“I don’t think any of us ever thought we’d use the words ‘heat wave’ and ‘Vancouver’ in the same sentence”, says Vancouver city counselor Andrea Reimer, “but now it’s something we not only have to expect but that we’re experiencing right now.”
Most Canadians aren’t used to worrying about dangerously hot temperatures, but heat waves are becoming increasingly common. In 2009 over 150 people in British Columbia died due to a heat wave, and in 2010 more than 280 people died because of extreme heat in Quebec .
Climate change means that heat risks will get worse, because global warming doesn’t just mean warmer average temperatures: it also means more intense heat extremes. We can expect to see more very hot days and nights, and heat waves are likely to become more frequent, more persistent, and more dangerous .
These effects will be especially severe in our cities and towns, because they tend to be much warmer than the surrounding countryside. This is called the “urban heat island effect,” and it threatens over 30 million Canadians with much-increased heat risks, because over 4 out of 5 people in Canada live in urban settings .
Luna Khirfan is an architect and professor of urban planning at the University of Waterloo; she notes that urban heat island effects are “a fact facing all cities” and have to be taken into account in how we plan, build and live in urban environments.
Urban Heat Islands
The urban heat island effect happens because the closely packed buildings and paved surfaces that make up our cities amplify and trap heat far more effectively than natural ecosystems and rural areas, which are often shaded by trees and vegetation and cooled by evaporating moisture. In addition, cities also generate their own heat, which is released from sources such as furnaces, air conditioners, and vehicles.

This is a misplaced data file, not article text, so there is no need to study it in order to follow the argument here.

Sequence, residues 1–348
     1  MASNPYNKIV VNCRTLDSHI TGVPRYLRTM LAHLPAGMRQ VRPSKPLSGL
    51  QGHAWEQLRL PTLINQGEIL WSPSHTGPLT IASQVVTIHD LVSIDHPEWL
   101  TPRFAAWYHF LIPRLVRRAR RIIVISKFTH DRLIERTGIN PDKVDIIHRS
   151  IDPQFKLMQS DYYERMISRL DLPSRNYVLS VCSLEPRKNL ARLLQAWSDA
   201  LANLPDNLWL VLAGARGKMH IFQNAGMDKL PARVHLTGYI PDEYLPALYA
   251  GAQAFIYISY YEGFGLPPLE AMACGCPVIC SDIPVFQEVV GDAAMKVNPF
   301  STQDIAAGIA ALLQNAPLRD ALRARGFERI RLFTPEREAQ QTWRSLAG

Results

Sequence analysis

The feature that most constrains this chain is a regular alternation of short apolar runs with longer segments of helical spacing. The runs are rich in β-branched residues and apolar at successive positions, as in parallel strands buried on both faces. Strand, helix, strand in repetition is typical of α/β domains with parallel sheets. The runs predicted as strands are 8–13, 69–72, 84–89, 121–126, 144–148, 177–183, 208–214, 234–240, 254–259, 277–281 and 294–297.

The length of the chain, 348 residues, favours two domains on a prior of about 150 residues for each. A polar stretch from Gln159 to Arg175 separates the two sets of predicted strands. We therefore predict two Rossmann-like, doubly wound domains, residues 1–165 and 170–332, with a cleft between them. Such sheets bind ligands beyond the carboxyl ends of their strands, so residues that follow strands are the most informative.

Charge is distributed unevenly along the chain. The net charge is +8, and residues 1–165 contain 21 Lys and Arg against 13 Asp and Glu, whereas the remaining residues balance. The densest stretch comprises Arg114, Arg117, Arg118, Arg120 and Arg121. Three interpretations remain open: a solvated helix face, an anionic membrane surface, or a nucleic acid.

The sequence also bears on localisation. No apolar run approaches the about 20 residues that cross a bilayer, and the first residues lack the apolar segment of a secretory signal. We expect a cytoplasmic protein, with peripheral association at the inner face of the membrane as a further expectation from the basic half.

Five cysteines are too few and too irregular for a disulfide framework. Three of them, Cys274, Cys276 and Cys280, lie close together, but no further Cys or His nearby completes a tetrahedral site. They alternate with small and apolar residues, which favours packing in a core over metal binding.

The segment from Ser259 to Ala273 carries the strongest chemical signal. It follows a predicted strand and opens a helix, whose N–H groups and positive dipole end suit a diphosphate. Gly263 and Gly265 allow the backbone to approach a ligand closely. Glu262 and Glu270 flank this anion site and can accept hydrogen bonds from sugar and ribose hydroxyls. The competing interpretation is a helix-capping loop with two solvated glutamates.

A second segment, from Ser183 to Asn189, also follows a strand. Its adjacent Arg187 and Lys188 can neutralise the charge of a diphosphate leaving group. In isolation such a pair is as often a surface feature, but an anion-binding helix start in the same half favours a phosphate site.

On a sunny day, paved surfaces can be a remarkable 27-50 °C hotter than the air . The difference is especially noticeable at night, when the heat captured by pavement and buildings during the day continues to warm the city after the sun goes down. Large cities can be as much as 12 °C warmer than their surrounding environments in the evening .
Canada’s Future Climate is Hotter
As the Climate Atlas shows, climate models project that Canada’s urban centres will see a dramatic increase in the annual number of extremely hot days due to continued global warming. Projections for 2051-2080 show that many Canadian cities will see at least four times as many +30°C days per year on average as they have in the past (assuming that global greenhouse gas emissions continue to rise rapidly).
Number of +30 °C days/year
These numbers come from the Climate Atlas map of Very Hot Days.
Read more: Maps that show increasing heat
The Climate Atlas map of the average annual number of very hot days shows the dramatic increase in potentially dangerous temperatures that Canadians may face in the near future.
Of particular concern is the fact that these climate model projections don’t actually take the urban heat island effect into account. Consequently, the number of dangerously hot days and nights in Canada’s cities will likely be even higher than our maps indicate.
Cities that already have to deal with intermittent high heat waves will see it get much worse, and communities that haven’t had to deal with severe heat problems in the past will have to figure out how to start dealing with this dangerous public health hazard. Again, Andrea Reimer is direct when considering the challenge facing Vancouver: “Extreme heat – we’re not used to it. Our buildings aren’t built for it.”
Read more: Why is heat dangerous?
Prolonged exposure to high temperatures poses a direct threat to human health, with effects ranging from unpleasant heat exhaustion to the possibility of death from heat stroke. Increased heat also increases the risk of heart problems, including fatal heart attacks.
A wide variety of people are especially vulnerable to these health risks. The elderly and the very young are both more likely to suffer from to heat-related illnesses, as are people living in poverty, people with chronic illness or physical disability, and people who work or are very active outdoors.